Mr. Craner: Thank you. Yes, I am aware of the work of the UNDP, which I think has been very, very important in Mongolia. And I would encourage them to continue working there. I certainly hope they will.

Mongolia has been a leader in Asia on a number of issues having to do with democracy. And, as you just pointed out, amongst them is the place of men and women in the political life. Just as a matter of course, we think that is very, very important, the leadership role that Mongolia has taken, but also the opportunities that are open to women in the parliament. I know that a fairly large proportion of this parliament consists of women. I believe in the last parliament it was an ever larger proportion. But the point is that women have access to the political system, they can run as candidates, and they can certainly win as candidates. I suspect that men are voting for them, but I suspect many women are voting for women, and I think that's a good thing. It's important in a country's political system that women are part of it, but also that women can sometimes better represent issues that are important to women. I know Mongolia has been making advances on trafficking issues, for example. I know there's issues of domestic violence in Mongolia, and in some ways women are better able to project those issues in the national political system, while being concerned about the economic and the political issues that all people are concerned about. But in my previous life when I worked with a democracy-building group, it's something that we pointed out to male-dominated political systems, that they were missing half the vote if they didn't involve women in their political process, if they didn't try and get women to run as candidates, and if they didn't encourage women to vote for them. So I would congratulate Mongolia again on its leadership role on this issue, and also on the number of women in Mongolia who are involved in political life, both within the political system and with NGOs. Thank you.

Question: Hello, my name is Zanaa Jurmed. I am director of the National Convention to Eliminate All Forms of Discrimination Against Women (CEDAW) Watch Network Center in Mongolia, and I am a member of the regional council of Asia-Pacific Human Law and Development. There are millions of undocumented migrant workers working around the world. In Korea, for instance, more than 20,000 Mongolians are working there, but they are undocumented too, and they support more than 100,000 people's lives here in Mongolia. Also 260,000 migrant workers are working, but they are undocumented too. But now the Korean Government is having a policy to deport these migrant workers. And my question is, what's the policy of the U.S. on migrant workers? I hope that I talk about human rights and labor issues. What is the policy of the U.S. on undocumented migrant workers? And what's the policy of the U.S. to positively influence other countries’ treatment of the migrant workers? Thank you.

Mr. Craner: This is really a very, very complicated issue. It is so complicated that we are actually still working through our own policy on this. What we do know and what we have decided is that it is important to treat people from around the world here with respect. But it is also important to have them abide by the laws.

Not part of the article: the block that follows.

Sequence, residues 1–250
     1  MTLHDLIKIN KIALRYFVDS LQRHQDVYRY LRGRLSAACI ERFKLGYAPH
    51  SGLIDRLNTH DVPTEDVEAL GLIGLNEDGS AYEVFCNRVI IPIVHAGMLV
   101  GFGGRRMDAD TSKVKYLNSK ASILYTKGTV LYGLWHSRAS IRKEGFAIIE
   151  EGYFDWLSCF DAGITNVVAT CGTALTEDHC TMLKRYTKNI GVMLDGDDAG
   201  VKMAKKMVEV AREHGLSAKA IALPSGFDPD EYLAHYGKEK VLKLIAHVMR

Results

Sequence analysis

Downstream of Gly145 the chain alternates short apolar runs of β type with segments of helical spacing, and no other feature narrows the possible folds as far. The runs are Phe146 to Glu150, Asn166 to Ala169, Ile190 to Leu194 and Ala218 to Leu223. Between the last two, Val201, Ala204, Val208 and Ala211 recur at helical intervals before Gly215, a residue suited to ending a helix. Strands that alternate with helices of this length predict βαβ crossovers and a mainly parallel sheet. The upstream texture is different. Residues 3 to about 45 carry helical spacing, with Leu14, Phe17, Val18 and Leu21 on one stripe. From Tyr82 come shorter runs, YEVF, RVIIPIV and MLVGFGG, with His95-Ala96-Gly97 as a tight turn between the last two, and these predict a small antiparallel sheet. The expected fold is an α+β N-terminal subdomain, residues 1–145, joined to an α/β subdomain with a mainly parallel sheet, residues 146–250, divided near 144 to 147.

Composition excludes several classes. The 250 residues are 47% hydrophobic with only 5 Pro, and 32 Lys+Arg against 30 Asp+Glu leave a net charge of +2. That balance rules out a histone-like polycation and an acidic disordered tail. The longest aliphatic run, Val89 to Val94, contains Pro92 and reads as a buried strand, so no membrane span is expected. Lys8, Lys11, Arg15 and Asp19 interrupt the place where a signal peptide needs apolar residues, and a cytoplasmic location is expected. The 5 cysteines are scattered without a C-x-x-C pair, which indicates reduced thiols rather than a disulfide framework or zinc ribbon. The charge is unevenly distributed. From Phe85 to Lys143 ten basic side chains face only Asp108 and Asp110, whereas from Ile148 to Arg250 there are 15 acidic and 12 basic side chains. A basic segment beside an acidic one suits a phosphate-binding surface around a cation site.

What I do think is important -- and I was just talking with somebody about this earlier today -- is that people often leave their own country and seek work in other countries because at home they can't find a job. I think it's very, very important that we and others help countries to be able to develop their economies, so people don't feel compelled to go overseas for either a job or a higher-paying job so that they can send money home to their families. It's a tragedy that families are split up that way, but it should certainly be the case that people have the opportunity if they want to stay in their own countries and work or if they want to go legally to other countries to be able to have a job there. But, as I said, it's a very, very tough issue, and it is something we are still working through, especially with countries that are our neighbors. Thank you.

Question: Good evening. My name is Tsahia Elbegdorj, president of the nongovernmental organization (NGO) Liberty Center. Our NGO has the mission to protect democracy, human rights and freedom. So I would like to hear your unofficial impression on current news that has happened in Mongolia -- but I would not like to hear your official opinion. Recently, you know what demonstration means for the Mongolian democratic process. Actually, the demonstrations of thousands and thousands of people brought us democracy without any blood, and we are very proud of these demonstrations of the 1990s. And I think you even witnessed some of them.

So currently the two big squares where democratic demonstrations were held are both closed -- one, Sukhbaatar Square is closed because it is used for diplomatic purposes only. Now Freedom Square was recently closed because it is being reconstructed as a children's game place. What do you think of these places, and what is your unofficial impression of this news?